EAST: Three inches to 8 inches of rain was reported throughout the week. Producers are moving livestock to higher ground. Rainfall is still prevalent around the region. Disease problems were reported on various vegetables, especially tomatoes. Hay is being cut, but getting wet from evening showers. Many producers are waiting to cut hay. Some hay cuttings have been lost due to heavy rains over several days. Vegetable and ornamentals have aphids, spider mites and whitefly problems. Vegetable crops are making high yields. Outbreaks of webworms in various trees have been reported. Forages are growing well and cattle have adequate amounts in most pastures. Calf working continues on late spring calves. Selling of fall-born calves and cull cows continues. Cattle prices remain high. Blueberries and peaches are producing good yields. High cost of fertilizer is causing producers to cut back on fertility programs. Livestock are doing well. Milk prices are increasing.
FAR WEST: Soil moisture ranges from very short to surplus, and crops and pastures are in very poor to excellent condition. Corn is in fair to good condition. Cotton is in very poor to excellent condition. Peanuts are in fair to excellent condition. Sorghum is in good to excellent condition. Winter wheat is in very poor to fair condition. Scattered showers and thunderstorms were reported across the region. Cotton looks good and sorghum looks promising.
WEST CENTRAL: Cooler temperatures this week along with extreme amounts of rainfall were reported in most areas. Flooding has been reported in many counties. Soil is saturated and water is standing in fields. Wheat harvest has been delayed once again due to heavy rainfall. Many cotton fields are very wet or under water. Cut hay is laying in fields and unable to be baled. Range and pasture conditions continue to improve with good rains. Livestock remain in good to excellent condition. Internal parasites have been reported in sheep and goats.
CENTRAL: Flooding has occurred across the district. Producers cannot get into the fields to bale hay. Much of the fruit and vegetable growers have too much water on their crops. Forage producers are concerned about nitrogen loss.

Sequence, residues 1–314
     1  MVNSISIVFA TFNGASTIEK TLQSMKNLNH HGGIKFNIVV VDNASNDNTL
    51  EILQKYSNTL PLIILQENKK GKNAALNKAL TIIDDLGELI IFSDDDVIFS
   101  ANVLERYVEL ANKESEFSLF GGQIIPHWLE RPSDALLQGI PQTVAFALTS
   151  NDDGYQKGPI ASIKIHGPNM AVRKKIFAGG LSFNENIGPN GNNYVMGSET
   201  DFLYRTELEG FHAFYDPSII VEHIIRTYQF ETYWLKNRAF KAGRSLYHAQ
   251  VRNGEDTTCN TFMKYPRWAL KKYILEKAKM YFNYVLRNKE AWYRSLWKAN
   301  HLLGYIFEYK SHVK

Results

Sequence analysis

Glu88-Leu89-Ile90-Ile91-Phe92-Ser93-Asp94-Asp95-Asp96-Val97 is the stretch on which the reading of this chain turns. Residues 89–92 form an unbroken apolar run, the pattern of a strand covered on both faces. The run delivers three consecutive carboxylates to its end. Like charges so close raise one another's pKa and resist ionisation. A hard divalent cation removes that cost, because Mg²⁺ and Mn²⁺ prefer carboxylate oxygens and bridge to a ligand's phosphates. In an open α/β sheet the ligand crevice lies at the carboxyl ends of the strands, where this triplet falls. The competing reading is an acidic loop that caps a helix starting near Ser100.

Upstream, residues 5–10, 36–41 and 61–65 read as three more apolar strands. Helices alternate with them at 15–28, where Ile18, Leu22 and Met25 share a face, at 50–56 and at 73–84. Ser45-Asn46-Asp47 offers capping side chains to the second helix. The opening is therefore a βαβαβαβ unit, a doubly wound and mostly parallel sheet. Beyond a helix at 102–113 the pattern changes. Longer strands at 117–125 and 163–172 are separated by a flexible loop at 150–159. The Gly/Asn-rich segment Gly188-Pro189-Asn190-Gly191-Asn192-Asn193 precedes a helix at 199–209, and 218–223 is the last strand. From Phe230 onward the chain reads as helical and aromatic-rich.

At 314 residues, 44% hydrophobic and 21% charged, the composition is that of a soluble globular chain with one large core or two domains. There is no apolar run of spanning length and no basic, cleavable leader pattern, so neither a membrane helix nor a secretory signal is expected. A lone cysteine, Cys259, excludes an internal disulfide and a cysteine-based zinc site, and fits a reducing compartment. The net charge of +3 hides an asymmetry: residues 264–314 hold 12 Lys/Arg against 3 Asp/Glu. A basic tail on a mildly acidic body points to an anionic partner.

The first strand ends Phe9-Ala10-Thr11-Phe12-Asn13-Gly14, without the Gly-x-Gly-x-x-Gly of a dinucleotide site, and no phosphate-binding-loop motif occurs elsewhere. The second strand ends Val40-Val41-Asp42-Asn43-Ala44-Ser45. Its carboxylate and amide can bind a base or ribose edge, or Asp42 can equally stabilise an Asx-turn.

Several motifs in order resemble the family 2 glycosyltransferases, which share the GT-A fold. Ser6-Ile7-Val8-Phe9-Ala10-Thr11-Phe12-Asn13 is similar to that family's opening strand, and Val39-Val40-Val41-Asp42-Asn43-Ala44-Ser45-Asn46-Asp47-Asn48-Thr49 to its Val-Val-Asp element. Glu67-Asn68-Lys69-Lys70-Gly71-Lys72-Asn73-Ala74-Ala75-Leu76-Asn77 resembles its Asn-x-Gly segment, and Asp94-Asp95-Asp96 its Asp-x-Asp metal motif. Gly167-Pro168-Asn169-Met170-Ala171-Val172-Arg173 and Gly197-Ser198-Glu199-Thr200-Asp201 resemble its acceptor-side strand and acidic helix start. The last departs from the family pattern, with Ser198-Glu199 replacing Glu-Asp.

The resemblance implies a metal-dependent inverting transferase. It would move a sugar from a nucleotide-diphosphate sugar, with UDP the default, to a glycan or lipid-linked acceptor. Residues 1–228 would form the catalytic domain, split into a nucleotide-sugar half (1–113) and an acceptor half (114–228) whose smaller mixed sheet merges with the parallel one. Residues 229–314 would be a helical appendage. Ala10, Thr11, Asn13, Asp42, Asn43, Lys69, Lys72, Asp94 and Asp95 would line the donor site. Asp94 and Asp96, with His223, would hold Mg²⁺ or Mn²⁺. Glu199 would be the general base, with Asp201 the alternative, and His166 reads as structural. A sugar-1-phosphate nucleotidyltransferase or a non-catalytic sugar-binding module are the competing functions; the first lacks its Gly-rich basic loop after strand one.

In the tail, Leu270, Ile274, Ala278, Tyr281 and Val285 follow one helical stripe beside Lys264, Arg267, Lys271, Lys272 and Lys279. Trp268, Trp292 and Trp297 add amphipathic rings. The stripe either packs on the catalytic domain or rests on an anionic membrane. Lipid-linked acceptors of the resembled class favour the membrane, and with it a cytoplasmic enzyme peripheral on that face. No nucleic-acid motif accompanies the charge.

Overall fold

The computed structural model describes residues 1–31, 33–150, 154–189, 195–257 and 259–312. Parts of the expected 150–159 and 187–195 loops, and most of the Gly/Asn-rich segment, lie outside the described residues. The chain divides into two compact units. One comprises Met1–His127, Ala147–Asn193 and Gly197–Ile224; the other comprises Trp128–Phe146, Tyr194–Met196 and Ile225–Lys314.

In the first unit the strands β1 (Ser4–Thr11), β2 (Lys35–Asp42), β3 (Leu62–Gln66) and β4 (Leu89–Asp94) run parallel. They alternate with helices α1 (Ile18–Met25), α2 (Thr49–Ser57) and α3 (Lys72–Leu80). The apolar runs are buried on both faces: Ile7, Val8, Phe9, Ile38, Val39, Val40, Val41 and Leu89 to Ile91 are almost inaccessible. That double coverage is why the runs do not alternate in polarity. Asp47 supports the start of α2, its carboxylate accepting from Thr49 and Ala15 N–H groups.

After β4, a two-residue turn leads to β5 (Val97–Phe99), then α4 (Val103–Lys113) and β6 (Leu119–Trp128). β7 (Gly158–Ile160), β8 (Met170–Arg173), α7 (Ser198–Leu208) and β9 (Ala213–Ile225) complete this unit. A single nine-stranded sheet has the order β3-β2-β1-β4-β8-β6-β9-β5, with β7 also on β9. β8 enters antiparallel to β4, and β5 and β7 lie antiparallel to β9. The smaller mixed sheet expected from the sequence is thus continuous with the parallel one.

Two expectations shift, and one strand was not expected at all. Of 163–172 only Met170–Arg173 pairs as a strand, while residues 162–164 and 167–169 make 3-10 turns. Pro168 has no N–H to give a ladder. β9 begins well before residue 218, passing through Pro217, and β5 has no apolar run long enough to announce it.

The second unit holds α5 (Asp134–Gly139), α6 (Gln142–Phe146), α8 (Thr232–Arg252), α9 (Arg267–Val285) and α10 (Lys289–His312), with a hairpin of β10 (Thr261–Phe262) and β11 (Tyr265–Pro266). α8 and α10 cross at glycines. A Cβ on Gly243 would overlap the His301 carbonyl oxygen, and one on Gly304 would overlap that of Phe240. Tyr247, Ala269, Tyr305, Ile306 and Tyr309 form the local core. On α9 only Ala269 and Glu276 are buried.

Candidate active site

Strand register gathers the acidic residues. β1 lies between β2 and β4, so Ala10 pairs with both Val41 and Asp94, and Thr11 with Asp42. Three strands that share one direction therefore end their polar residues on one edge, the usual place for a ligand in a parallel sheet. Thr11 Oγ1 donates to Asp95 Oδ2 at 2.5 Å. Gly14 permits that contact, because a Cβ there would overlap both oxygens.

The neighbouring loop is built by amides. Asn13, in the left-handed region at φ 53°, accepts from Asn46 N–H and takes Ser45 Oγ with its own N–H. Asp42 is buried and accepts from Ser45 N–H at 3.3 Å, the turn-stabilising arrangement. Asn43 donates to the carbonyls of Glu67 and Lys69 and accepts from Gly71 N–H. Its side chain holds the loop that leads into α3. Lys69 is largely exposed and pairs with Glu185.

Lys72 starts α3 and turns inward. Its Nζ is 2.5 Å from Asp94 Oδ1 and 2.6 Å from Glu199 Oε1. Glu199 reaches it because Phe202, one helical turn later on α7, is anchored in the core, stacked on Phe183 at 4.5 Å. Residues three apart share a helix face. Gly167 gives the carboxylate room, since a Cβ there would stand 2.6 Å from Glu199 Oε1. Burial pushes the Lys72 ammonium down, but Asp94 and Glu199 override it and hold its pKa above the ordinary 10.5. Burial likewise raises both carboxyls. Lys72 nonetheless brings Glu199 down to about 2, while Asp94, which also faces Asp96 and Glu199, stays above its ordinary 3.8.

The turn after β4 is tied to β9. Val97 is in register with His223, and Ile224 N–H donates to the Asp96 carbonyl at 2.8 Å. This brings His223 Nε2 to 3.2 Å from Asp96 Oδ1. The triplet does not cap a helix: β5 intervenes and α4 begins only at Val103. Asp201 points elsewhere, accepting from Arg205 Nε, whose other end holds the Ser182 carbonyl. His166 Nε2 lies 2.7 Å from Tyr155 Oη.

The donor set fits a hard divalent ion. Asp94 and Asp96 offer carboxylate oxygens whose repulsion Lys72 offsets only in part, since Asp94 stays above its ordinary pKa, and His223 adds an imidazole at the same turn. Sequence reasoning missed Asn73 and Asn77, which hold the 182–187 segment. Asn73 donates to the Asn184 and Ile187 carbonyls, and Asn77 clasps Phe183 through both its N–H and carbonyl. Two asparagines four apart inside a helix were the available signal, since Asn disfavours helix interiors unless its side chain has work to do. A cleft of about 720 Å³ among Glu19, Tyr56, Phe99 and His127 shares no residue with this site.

SOUTHEAST: Soil moisture is limiting access to fields to harvest hay or apply fertilizer. Continual rain has slowed or stopped all operations. Livestock are fairing well. Rice borer moths are being collected in traps but the infestation is low.
SOUTHWEST: Excellent May-June rainfall was reported at about 150 percent of the long term average. The region is green and the agriculture production outlook appears good. Corn, sorghum, cotton, peanuts, watermelons and cantaloupes are progressing. Corn and sorghum have matured and are starting to dry down. The harvest should start in about two to three weeks. Forage availability is above average for this time of the year. Harvesting of wheat, oats, beets (for processing), green beans and squash continues. Some watermelons and cantaloupes are being harvested. The onion harvest is complete but disappointing. Heavy rains as onions matured caused a serious increased incidence of disease problems. About 40 percent of the potential onion harvest in the Winter Garden region of Texas was rejected.
COASTAL BEND: Excessive rain causing some problems in grain harvest and hay cutting. Continued rain should keep grain harvest and cotton spraying at a standstill for most of the week. Livestock and pastures are in good condition.
SOUTH: Soil moisture throughout the region has been adequate due to rainfall. No irrigation has been reported in the western part of the region because of the constant rain in that area. All the rain has provided an abundance of native range and pasture forage. Dryland sorghum producers are concerned about the amount of rain. Harvesting should begin in next five to 10 days. Sorghum harvesting in the Starr County area was halted due to the rainfall, while in the Hidalgo County area it is peaking.